You never really know what is going to happen when you visit family during the holidays. Living far away from loved ones creates a distance, an unfamiliarity that can lead to moments of unknowing in conversations and mannerisms. However, there are ties that bind so strong at times that they can teach you something familiar and comfortable about how and why God placed us in families.
I met my baby cousin this past Thanksgiving for the first time. This was a big deal to me because my first cousins are more like siblings than what most folks consider “cousins”. We share a lot of the same wiring as one another. Even though we weren’t raised right next to each other, we “get” each other with great ease.
I talked with this precious 15-year old and you couldn’t tell us we haven’t spent summers and Christmases past together. We just fit.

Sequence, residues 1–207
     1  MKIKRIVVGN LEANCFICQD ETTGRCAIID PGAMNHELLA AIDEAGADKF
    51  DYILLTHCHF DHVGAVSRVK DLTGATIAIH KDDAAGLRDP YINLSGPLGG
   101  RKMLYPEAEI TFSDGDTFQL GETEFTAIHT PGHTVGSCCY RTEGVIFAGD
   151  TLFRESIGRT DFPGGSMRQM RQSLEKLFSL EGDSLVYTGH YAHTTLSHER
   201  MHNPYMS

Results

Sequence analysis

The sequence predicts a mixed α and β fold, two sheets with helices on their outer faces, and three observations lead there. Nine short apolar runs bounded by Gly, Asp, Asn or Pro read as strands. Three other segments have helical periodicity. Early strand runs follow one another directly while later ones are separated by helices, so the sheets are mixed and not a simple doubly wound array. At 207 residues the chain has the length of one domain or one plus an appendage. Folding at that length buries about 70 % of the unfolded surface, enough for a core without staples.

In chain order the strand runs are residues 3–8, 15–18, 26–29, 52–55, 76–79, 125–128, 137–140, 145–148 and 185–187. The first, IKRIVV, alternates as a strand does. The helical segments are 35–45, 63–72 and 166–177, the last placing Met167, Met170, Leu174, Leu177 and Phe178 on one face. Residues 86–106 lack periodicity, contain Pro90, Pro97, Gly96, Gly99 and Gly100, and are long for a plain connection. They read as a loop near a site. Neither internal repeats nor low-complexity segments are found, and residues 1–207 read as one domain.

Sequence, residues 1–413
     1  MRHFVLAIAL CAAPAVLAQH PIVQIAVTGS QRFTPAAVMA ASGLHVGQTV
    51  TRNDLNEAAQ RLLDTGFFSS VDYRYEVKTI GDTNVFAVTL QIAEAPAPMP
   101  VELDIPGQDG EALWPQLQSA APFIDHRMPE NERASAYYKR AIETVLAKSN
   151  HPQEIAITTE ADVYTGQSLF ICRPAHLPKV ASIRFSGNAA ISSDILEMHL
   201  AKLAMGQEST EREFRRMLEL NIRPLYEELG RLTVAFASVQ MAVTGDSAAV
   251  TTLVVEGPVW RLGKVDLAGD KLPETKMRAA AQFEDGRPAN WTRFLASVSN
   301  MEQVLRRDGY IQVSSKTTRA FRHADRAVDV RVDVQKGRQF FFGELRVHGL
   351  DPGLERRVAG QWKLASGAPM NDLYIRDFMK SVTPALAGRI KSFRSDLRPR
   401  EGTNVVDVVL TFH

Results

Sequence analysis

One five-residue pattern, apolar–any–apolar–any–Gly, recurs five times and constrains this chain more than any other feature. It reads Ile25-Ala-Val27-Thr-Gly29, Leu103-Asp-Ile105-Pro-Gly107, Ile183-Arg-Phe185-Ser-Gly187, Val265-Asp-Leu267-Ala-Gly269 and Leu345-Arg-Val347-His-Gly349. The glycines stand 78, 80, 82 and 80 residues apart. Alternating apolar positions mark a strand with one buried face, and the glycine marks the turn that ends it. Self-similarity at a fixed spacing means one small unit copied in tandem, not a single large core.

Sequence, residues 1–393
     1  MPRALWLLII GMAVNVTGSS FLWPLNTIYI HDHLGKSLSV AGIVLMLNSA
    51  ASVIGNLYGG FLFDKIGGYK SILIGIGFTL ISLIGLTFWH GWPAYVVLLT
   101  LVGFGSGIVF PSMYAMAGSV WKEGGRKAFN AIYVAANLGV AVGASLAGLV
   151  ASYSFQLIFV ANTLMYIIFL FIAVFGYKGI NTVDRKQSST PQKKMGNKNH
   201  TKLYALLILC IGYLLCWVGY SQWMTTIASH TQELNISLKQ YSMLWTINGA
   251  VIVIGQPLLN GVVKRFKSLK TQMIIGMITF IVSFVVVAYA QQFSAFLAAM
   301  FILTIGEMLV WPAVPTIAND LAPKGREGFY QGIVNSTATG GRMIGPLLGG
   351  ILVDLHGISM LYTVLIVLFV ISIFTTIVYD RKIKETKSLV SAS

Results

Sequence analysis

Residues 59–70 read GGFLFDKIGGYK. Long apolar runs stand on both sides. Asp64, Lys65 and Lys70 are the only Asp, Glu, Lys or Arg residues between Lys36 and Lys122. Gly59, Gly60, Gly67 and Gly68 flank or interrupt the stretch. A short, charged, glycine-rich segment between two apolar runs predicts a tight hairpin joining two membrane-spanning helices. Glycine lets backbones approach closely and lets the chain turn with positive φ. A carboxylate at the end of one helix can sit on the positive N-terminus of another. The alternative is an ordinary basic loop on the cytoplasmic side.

For that, I am thankful.
It was also a blessing to see how happy this visit made my grandma. She loves to see her family and know that we are gathering together.
For that, I am grateful.
My family is my core. I am theirs and they are mine no matter what and I have missed this physical time with them tremendously. As I get older, I am beginning to better understand that a big part of my role within my very large family is to be a connector. For while we are blessed to share a supernatural connection to one another, that gift has to be honored and tended and exercised so that it can continue into the generations of our children, our children’s children and so on and so forth until the end of our line.
For that, I am hopeful.
Marta C. Youngblood is a writer, education and social entrepreneur based in Lubbock, Texas. For more information on her current projects visit https://about.me/MCyoungblood.